We bought it without too much thought. It was near the school The Boy was moving to at the age of 11. In fact that was the only criteria. It was the only property we looked at one weekend. It then took nigh on six months to complete, which meant our target of moving in before he changed school was missed. The poor lad had to commute first from Borough High St (London Bridge) and then Finsbury Park to Woodford Green for a month. But in we moved. Then I realised we had no furniture (the previous place had been rented out furnished). So for another six weeks we sat on the floor.

The first thing that had to change was the dark blue that oppressed the living room. We put down lovely wood, and on the advice of a friend who writes for Wallpaper magazine, left the York Stone fireplace. I hated it, but freely admit to being a fashion victim. Anyway, then it looked like this:

It had a lovely garden if you don't like gardening. We had some fabulous barbecues in it. Indeed, the summer of 2008 must have been a good one because we seemed to eat outside every night.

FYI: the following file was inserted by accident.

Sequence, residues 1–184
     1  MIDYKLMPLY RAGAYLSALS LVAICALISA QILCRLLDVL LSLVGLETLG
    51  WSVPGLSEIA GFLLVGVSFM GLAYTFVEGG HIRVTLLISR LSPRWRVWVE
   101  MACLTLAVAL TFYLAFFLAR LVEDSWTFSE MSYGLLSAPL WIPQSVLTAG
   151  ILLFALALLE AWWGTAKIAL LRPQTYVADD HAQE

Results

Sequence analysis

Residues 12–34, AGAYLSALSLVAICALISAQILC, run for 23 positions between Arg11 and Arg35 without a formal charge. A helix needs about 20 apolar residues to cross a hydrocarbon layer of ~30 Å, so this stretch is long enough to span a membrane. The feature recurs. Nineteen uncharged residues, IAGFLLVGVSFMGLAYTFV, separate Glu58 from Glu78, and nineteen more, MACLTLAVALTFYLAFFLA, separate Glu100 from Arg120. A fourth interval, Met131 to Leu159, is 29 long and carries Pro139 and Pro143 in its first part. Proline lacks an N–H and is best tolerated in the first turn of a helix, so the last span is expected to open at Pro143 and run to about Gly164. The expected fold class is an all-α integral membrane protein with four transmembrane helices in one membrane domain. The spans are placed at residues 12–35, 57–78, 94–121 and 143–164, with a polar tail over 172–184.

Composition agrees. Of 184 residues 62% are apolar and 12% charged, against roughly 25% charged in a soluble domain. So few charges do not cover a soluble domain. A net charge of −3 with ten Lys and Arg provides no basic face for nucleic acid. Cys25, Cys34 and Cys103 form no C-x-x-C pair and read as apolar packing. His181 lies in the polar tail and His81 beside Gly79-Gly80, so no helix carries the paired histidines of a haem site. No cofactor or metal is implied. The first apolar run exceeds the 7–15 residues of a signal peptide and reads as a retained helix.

We did three more things. We removed the artex from the walls of the stairway and upper hall, put down oatmeal (that's beige to you and me) carpets and replaced the back door with a stable-style door. It was complete just as The Boy was getting bigger than me, and frankly it was getting a bit cramped for us both. But we loved it.

Then last year, we effectively abandoned it. We moved to Loughton to share a home with The Cat's Mother and The Cat. Our cottage was left and almost forgotten, but was always somewhere for us to retreat to if it all went wrong.

Well it hasn't all gone wrong, and at the turn of the year we decided to rent it out rather than let it go to rack and ruin. So we've had a few traumatic weeks of emptying it. Do you know how difficult it is to give away stuff like furniture you don't want? Nigh on impossible. But just before we went on holiday it was empty and ready for new tenants. I hope they love it as much as we did. For us there's no going back.